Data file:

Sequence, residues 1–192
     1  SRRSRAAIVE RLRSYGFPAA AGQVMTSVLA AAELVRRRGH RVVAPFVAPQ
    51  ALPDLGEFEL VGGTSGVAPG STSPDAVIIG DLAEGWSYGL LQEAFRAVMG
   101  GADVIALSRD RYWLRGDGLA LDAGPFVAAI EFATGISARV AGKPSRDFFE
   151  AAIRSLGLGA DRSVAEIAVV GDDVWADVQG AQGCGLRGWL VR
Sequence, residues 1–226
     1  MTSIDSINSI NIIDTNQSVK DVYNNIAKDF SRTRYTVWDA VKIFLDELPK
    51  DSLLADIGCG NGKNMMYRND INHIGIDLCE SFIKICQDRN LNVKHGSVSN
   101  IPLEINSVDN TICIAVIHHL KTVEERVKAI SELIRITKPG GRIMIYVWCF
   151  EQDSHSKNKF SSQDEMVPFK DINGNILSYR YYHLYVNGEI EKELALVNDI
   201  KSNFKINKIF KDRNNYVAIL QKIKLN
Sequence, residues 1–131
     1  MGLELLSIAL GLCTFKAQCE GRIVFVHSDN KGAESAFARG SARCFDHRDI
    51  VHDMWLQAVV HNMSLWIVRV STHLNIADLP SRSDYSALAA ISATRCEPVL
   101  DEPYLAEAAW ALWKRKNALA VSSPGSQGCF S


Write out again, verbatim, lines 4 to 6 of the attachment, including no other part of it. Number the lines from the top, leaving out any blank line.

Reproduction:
   101  GADVIALSRD RYWLRGDGLA LDAGPFVAAI EFATGISARV AGKPSRDFFE
   151  AAIRSLGLGA DRSVAEIAVV GDDVWADVQG AQGCGLRGWL VR
Sequence, residues 1–226